I was grilling chicken and she was getting some.  Never mind that the salt would mess with her system from this frozen chicken breast, she wanted it.

In fact, I'm glad I grilled four because she had 1 and 1/2 of them immediately, and another 1/2 at dinner time. 

Real Food makes one feel better even if it is bad for your long term survival.

This morning, syringe feeding the A/D food took me under 10 minutes.   An entire can went into her in that time.  

She looked at me confused when I told her "We're Done".   The battle was over and she was expecting more fight.

So you see, she realized it too.  She stepped forward and put her head down and gently on my chest.  Whether it is to show acceptance or thank you I don't know.

The Final Appointment for that trip across the Rainbow Bridge is scheduled for Wednesday 1PM April 10th, 2013. 

We wanted one last week to enjoy each other.  Eat bad food.  Bark at the plastic duck in the pool.  Sniff the Lemons on the tree.

Dog Stuff.

"We're Done."

Thursday, April 4, 2013

Waiting on the Vet Day 4 - Not Good News At All

When I got to the vet at 5:30 last night, I got some bad news.

The number that was quoted to me was incorrect.  The nurse had read the wrong BUN number.  Since the right BUN number was almost unchanged from the first day, that basically says we need to consider our options.

We talked, and the conversation was basically a "You don't have too many things you can try at this point" speech.  In other words we are pretty much on our own.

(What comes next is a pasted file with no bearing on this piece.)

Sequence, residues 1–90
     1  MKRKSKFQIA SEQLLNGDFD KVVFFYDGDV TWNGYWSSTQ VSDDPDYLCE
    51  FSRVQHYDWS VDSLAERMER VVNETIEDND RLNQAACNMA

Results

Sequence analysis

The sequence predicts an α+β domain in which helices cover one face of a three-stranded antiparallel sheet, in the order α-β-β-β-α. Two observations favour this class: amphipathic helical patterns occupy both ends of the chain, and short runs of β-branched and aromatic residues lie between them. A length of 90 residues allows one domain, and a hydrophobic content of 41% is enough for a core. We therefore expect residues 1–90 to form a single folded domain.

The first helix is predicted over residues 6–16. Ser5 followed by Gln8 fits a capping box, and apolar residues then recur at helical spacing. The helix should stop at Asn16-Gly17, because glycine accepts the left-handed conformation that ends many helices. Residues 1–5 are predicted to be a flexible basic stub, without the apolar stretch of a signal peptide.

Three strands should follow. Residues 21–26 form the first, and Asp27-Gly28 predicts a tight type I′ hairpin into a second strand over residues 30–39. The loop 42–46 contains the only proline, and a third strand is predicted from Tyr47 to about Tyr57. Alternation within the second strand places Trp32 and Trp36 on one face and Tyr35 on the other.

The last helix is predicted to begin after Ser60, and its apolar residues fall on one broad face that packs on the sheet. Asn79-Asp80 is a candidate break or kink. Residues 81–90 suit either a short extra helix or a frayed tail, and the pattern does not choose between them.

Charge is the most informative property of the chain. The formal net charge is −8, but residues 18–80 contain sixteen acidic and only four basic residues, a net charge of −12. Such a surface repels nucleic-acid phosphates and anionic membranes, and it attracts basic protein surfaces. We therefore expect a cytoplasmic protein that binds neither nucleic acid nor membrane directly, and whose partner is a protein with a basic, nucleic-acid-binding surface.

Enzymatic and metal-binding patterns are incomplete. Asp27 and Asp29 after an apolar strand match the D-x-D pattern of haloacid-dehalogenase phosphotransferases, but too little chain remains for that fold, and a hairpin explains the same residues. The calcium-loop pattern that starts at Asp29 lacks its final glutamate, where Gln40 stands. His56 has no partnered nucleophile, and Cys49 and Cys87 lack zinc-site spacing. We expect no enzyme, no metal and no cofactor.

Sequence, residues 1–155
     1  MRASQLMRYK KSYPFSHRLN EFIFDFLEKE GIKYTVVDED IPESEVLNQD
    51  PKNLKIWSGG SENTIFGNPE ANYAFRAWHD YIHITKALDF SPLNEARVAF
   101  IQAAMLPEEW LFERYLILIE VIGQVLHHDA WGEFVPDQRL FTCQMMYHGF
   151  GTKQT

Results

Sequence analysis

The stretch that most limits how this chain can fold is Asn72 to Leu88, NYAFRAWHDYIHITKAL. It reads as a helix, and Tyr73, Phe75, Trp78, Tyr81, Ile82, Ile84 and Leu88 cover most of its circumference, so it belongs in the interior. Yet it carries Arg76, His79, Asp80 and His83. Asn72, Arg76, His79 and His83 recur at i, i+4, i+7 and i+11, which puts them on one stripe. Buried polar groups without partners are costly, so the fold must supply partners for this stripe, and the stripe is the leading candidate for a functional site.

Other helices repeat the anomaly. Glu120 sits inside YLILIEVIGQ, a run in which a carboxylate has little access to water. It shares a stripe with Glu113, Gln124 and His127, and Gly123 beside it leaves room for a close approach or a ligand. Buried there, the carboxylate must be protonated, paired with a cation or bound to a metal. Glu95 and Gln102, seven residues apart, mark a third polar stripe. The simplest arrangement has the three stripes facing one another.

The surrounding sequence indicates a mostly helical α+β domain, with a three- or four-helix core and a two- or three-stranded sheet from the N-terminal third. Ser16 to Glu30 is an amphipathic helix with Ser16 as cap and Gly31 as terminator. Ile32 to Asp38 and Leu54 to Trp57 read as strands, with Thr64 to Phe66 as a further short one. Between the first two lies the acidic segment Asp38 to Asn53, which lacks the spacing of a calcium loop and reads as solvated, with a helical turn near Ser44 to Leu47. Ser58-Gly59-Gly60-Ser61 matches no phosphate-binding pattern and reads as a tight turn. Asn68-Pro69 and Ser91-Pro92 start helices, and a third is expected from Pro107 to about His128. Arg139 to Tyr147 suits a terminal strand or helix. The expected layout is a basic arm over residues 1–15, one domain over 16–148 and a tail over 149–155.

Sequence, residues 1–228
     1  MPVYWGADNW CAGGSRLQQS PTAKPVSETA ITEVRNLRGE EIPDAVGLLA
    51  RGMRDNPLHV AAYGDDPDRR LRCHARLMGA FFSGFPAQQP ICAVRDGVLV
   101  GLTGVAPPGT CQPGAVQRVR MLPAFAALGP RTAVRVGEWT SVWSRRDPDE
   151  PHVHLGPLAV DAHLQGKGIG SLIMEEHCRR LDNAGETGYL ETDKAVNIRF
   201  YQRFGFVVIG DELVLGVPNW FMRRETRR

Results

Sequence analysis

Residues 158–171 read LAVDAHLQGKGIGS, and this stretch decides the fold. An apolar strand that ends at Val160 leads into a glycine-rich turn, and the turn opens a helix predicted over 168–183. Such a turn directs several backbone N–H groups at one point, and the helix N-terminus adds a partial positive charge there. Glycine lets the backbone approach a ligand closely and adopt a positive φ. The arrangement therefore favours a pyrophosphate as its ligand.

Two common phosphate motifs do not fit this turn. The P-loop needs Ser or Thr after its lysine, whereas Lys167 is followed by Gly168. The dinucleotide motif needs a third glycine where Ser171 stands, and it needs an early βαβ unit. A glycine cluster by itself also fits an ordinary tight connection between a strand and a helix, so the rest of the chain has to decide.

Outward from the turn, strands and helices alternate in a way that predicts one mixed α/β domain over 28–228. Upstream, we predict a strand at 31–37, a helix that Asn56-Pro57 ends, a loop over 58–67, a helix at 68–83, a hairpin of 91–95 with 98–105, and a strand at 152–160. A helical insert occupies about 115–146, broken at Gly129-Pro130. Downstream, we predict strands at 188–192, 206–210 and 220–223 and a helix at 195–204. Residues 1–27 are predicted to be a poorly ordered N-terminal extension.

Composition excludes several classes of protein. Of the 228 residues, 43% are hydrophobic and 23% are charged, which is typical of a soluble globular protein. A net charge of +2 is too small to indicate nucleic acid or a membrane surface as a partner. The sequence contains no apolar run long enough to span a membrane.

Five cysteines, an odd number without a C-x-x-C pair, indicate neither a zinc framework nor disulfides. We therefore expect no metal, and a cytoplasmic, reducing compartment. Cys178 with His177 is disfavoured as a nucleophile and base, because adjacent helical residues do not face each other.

This morning I went to grab the food and feed Lettie.  A syringe took me about 25 minutes.   The second took 15 minutes.  That was for about a small paper cup worth of food or 2 1/2 ounces.  She should be getting 12 ounces of food a day minimum.  Doubled, I'm giving her 5/12 of her daily diet. 

It was a battle all the way.  Squirt in about a teaspoon.  She would grumble and almost immediately spit it out.  Keep squirting in teaspoons and sometimes she'd chew and swallow, but only about 1 in 10. 

This is a dog who has given up.  That is the nature of Chronic Renal Failure in dogs.  You can want them to last forever, but the reality is that they won't.

So things don't look good.   I have to bring her back to the vet today.  I'm really thinking that the best course of action is to schedule her end and stop treatments.

If things change, of course, I'll let you know.

Wednesday, April 3, 2013

Finally, Some Good News From The Vet

This Chronic Renal Failure is a bear.  Especially in a pet since you can't really do Dialysis or a Kidney Transplant. 

On the other hand, sometimes you get a pleasant surprise.

Lettie was in the Vet's office for two days of fluid replenishment via IV.   When she first got there they did blood tests.  Her "Blood Urea Nitrogen" levels were three times higher than normal at 120.  

Today they were in Normal range of below 40. It wasn't even listed on the "Exception" report I saw.

She snapped back.

Of course it still takes me 30 minutes to under-feed the dog.  That's by her choice, not mine.  I'd give her cans of the stuff if she'd eat it.  My understanding is that there isn't a dog alive that likes "I/D" food.

So today I get to bake a can down to "Dog Food Jerky".  Slice the food down to under 1/4 inch thickness.  Roast at 350 until the thinnest pieces are crispy.

Only then will Lettie eat the damn stuff willingly.

That's what Chronic Renal Failure does.  It makes you have to eat food that you don't like.  At the end of it, you have to be forced to eat it.  One can is 10 syringes.  If it is roughly 700 calories per can, that's 70 calories a syringe - about 1 1/4 ounces each.  She should get 5 in the morning, 5 at night.

Last night I managed to get 4 into her and 3 this morning.

If you are reading this because you're researching feeding your older dog, that is why I am writing this down.  I'm also writing it down because I can be absent minded.

What happens is because the dog will starve themselves, literally, to death, you have to make allowances.   Push food at them.  When your dog is at the point that you are taking them in for IV Fluids, the gloves are off.